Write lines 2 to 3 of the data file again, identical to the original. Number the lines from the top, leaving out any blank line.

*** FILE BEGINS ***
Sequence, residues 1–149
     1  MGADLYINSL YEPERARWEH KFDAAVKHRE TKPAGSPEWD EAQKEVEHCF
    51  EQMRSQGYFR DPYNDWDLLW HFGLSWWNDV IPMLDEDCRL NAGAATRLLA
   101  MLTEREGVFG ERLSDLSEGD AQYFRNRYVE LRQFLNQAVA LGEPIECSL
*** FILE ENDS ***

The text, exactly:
     1  MGADLYINSL YEPERARWEH KFDAAVKHRE TKPAGSPEWD EAQKEVEHCF
    51  EQMRSQGYFR DPYNDWDLLW HFGLSWWNDV IPMLDEDCRL NAGAATRLLA